As so often with research, we ended up with more material than we needed, but not enough ‘cutaways’ – images between interviews to accompany the voice-over – requiring Paul to pick up a camera when Alan, based in London, was not in Lebanon.
We ended up with a first cut of over an hour long, so shortened it to make it more digestible for the public. As for the title, it is from the Qur’an, and we saw the Sura used during a demonstration in Anjar (وجعلنا من الماء كل شيء حي) and found it would make for a suitable, if slightly provocative title, and the recitation beautiful.
We finished shooting in spring 2017, and had a shorter, final cut by autumn, and started screening it at selected venues, including the American University of Cairo, the University of Liverpool, the London School of Economics (LSE), and the Ecole Nationale d’Agriculture de Meknes in Morocco. In February 2018 we had the soft opening at the Issam Fares Institute at AUB. Coverage of the screening in the Daily Star and Le Orient Le Jour led to a request from the Beirut Art Film Festival to have the documentary at the festival, where it will have its formal premiere on 22 November, as well as be shown at 3,000 schools and at 16 universities and cultural centres throughout the country.
Unfortunately, during the post-production process, further research came to light that we couldn’t include in the documentary: the spectre of micro-plastics. Paul had worked with OrbMedia interviewing people in Beirut whose tap water tested positive for microplastics, but the research could not be published until OrbMedia had released its report worldwide. Their results are shocking.
Out of the samples taken in Beirut, 94% of tap water contains microplastics, on par with the USA, and more than in India and Indonesia, at 82% and 76% respectively, and Europe at 72%. Then in 2018, OrbMedia released a report on bottled water, finding 325 plastic particles for every litre of water sold worldwide, and 93% in Nestle Pure Life in Lebanon. The plastic discovered in bottles includes polypropylene, nylon and polyethylene terephthalate (PET), which are toxic to human health and the environment. Further research has shown microplastics present in half of all freshwater insects, and in human excrement.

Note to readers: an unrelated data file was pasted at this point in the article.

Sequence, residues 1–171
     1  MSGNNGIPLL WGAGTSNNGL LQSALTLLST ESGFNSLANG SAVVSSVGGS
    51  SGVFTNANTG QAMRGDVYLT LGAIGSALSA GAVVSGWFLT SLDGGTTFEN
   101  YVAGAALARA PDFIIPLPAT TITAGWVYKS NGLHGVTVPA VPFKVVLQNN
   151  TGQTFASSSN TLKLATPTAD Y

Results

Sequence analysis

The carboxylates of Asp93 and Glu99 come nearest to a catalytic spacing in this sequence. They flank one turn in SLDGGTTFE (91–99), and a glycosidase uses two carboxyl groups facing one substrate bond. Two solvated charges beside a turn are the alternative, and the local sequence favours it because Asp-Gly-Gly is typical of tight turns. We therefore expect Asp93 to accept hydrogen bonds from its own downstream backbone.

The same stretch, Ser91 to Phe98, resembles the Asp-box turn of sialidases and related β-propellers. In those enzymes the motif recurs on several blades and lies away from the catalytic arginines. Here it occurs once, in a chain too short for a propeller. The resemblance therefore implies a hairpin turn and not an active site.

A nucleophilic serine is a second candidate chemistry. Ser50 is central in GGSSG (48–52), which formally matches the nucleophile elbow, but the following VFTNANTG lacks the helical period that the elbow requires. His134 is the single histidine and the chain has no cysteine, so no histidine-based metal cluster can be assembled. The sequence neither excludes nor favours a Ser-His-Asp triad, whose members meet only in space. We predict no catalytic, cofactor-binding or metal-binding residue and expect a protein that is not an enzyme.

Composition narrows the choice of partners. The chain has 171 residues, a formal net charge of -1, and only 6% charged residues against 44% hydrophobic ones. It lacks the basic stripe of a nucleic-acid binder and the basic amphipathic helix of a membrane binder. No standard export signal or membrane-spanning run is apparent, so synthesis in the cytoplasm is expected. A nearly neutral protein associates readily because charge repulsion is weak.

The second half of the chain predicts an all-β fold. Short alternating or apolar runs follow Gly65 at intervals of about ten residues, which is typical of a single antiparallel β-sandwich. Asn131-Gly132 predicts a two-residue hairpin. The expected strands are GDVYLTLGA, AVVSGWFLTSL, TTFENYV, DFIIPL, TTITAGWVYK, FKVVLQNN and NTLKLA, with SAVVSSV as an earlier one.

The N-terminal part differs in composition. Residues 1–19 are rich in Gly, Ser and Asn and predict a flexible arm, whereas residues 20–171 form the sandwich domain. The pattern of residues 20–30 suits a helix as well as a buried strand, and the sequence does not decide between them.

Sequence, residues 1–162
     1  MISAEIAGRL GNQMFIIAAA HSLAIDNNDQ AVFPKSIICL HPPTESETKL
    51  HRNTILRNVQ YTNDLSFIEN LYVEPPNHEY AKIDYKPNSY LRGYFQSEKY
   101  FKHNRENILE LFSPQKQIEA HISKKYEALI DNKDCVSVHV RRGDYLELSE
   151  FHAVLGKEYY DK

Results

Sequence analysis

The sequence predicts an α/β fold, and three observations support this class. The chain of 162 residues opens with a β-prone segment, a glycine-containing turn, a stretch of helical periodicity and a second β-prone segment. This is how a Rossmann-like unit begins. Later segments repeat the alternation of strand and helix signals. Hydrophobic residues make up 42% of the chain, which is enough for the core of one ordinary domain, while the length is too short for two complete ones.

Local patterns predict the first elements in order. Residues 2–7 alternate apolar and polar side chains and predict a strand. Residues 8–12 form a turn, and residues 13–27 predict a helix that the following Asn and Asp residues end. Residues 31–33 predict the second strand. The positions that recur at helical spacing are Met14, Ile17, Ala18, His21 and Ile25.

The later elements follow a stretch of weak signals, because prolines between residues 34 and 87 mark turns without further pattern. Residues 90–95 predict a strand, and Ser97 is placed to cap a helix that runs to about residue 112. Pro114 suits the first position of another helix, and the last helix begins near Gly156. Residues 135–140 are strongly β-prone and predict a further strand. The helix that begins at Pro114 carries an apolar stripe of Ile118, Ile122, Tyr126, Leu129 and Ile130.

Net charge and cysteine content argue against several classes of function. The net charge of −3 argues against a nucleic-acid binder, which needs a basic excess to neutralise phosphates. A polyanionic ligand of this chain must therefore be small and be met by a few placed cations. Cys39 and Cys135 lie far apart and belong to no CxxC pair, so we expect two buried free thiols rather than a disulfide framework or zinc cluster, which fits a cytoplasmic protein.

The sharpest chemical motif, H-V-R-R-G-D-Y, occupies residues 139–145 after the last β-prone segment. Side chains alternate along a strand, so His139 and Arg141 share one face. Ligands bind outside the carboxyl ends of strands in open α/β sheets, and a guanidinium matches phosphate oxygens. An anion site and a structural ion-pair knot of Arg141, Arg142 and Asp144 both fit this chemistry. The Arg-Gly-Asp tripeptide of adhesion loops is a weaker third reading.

We are only slowly understanding the negative impact of microplastics and how prevalent they are – and in Lebanon, water bottles are a major contributor, as the opening shot of the documentary shows, with Paul walking, up to his knees at times, through plastic bottles on the Costa Brava beach by Beirut’s airport. But micro-plastics don’t just come from plastic bottles – the particles come from tyres, paint and synthetic clothing, microbeads (in cosmetics) and all plastics that breakdown into our environment. It is another problem on top of heavy metals, pesticides and environmental degradation that Lebanon has to contend with.
If we had been able to incorporate the microplastics research, it would have made a fitting ending line for the documentary to accompany the footage of two turtles stuck in a tyre in the Litani River: the inhabitants of Lebanon are like the turtles, stuck in a tyre, in a polluted river, trying to get out. As for the turtles, we didn’t try to rescue them – as a few viewers have wondered – as it was too risky to enter the river, but thankfully one did manage to climb out and escape.
We have been asked a lot about practical solutions, as we purposely didn’t include any as we believe it is not the role of journalists to do so, but the people and governments to decide on how to solve the country’s environmental degradation. Furthermore, there are quite a few possible solutions, and it would have taken time to explain such solutions, which would have taken away from showing the problems Lebanon faces, as surprisingly (including us at first), many do not realise the extent of the pollution.
Ultimately, the solution is a political one. That is why we also wanted to explain how Lebanon got into this situation, which we believe no documentary or TV programme has adequately done before, particularly the political-economic background, such as the research of Dr Jad Chaaban at AUB into the connection of politicians and bank ownership, and how that impacts on public debt.
As we end the documentary: ‘The flows of water are shaped by power and capital. Lebanon, like the rest of the world, stands at a crossroads. Environmental degradation needs to be addressed, requiring systemic change from the grassroots up. If not, the country will soon become unliveable.’
Duration: 40 minutes Languages: English and Arabic (w/subtitles) Written and Directed by Paul Cochrane and Karim Eid-Sabbagh (Beirut, Lebanon) Filmed by Alan Ginoux and Paul Cochrane Produced by Karim Eid-Sabbagh Funded by the American University of Beirut and the International Development Research Centre